Entrepreneurs helping communities through innovation
Our story starts nearly 30 years ago, when Andrew, as a young stipendiary Minister, arrived to take responsibility for a large Victorian Church in the East End of London. He had few members and £400 in the bank. The church was surrounded by several dysfunctional housing estates and the local residents received 95% of their income from state sources. Andrew noticed that a lot of resources were being invested into management committees that were fond of producing reports. At ground level, he noticed little significant change for the people most in need.
Today, the Bromley-by-Bow Centre is internationally known and has been used frequently by government as a national exemplar for integrated health care and a template for the successful regeneration of communities. The Centre is, today, a complex organisation, running a huge range of projects across different sites, both independently and in partnership with others. It works with 2,000 people each week, and its services are tailored to the needs of the whole community: families, young people, vulnerable adults and elders. It houses the first integrated health centre, children’s nursery, art studios, business and enterprise hub, café, communiversity and a range of other integrated services.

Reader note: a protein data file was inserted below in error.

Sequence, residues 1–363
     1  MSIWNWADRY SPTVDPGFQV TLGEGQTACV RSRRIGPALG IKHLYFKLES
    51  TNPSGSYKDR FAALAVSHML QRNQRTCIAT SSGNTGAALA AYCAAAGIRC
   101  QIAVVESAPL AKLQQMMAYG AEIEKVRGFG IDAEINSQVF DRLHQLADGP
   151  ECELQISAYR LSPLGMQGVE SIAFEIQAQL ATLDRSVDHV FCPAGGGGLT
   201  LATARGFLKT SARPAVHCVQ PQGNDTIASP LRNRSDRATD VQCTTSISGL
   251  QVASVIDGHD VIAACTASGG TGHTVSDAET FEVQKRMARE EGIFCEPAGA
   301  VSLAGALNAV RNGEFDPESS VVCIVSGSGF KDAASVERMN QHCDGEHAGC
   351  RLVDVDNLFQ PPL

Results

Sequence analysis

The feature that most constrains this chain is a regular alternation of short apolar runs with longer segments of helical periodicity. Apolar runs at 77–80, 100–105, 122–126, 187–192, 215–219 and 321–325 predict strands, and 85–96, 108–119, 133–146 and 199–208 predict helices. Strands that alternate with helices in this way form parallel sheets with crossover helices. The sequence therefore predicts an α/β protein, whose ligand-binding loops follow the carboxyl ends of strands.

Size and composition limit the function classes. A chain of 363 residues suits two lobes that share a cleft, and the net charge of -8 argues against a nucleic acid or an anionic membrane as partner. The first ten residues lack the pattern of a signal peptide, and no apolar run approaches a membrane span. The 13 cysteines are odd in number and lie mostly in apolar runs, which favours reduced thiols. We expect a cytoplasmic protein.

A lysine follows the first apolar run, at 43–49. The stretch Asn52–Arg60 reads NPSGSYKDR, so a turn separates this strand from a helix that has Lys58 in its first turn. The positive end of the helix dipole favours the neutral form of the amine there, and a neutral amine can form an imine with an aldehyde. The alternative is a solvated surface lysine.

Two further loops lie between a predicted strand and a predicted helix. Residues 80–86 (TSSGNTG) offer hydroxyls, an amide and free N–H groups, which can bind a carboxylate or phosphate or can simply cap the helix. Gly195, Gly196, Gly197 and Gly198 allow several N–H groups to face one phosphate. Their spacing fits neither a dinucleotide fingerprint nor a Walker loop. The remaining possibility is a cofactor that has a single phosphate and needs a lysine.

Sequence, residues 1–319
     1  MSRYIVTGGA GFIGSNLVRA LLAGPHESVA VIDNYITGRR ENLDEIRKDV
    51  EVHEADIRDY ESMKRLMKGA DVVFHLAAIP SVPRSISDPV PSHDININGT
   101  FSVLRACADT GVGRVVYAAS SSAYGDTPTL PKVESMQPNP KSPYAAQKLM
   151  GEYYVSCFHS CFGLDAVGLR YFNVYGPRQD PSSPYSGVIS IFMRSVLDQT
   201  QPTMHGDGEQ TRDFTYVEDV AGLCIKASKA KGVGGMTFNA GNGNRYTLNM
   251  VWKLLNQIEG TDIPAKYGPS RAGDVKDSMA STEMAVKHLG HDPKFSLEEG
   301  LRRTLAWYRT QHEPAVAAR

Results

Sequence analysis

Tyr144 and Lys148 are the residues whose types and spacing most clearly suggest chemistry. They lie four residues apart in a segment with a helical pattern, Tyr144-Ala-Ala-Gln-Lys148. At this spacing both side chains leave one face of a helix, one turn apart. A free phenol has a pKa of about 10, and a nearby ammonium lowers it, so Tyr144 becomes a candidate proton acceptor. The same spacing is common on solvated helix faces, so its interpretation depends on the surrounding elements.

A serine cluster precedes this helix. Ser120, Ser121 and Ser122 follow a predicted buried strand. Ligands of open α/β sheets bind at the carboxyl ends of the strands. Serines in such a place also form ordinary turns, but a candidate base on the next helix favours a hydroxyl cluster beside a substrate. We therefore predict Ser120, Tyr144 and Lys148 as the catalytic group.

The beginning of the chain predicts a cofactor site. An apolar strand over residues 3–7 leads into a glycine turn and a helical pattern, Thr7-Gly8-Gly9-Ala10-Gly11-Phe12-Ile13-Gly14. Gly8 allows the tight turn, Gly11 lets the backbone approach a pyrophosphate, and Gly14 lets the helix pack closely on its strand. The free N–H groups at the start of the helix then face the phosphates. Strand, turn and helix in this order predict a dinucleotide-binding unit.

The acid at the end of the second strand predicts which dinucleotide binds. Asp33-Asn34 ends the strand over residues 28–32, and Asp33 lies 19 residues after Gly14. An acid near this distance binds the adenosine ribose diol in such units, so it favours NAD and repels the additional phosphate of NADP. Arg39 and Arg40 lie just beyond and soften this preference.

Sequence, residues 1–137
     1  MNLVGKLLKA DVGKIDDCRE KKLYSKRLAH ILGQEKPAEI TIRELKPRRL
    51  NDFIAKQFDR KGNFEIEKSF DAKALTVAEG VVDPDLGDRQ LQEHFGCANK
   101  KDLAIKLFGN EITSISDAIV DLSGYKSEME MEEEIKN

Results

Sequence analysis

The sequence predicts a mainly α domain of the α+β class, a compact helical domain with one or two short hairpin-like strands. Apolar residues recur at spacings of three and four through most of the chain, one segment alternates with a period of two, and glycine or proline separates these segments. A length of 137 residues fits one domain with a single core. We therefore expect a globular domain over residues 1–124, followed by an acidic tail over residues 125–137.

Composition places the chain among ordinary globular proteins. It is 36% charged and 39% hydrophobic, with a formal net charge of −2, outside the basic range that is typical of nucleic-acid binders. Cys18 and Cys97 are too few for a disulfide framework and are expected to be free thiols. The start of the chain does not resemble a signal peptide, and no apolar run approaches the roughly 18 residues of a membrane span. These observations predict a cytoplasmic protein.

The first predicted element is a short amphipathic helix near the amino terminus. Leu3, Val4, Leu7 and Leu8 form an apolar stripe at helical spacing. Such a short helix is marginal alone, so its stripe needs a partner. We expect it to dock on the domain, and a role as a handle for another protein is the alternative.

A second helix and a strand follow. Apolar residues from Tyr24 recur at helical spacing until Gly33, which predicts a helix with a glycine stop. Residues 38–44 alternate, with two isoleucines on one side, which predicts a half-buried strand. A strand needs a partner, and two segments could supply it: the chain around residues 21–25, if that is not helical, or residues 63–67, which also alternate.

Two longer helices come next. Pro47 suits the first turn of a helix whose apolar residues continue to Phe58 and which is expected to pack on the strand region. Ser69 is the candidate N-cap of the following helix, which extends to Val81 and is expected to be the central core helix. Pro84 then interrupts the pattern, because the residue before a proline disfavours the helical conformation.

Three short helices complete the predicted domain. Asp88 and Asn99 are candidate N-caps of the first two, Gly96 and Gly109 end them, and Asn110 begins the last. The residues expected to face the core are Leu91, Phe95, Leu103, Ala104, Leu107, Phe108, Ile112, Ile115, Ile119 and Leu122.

You can buy Andrew’s bestselling book The Social Entrepreneur: making communities work to read more about Andrew’s development of the Bromley-by-Bow Centre: amawsonpartnerships.com/books
For those of you not permanently glued to Twitter, I’m delighted to announce that September’s Infinity Festival has picked up another internal award at The University of Manchester, this time winning a Making a Difference Award for staff contribution to widening participation.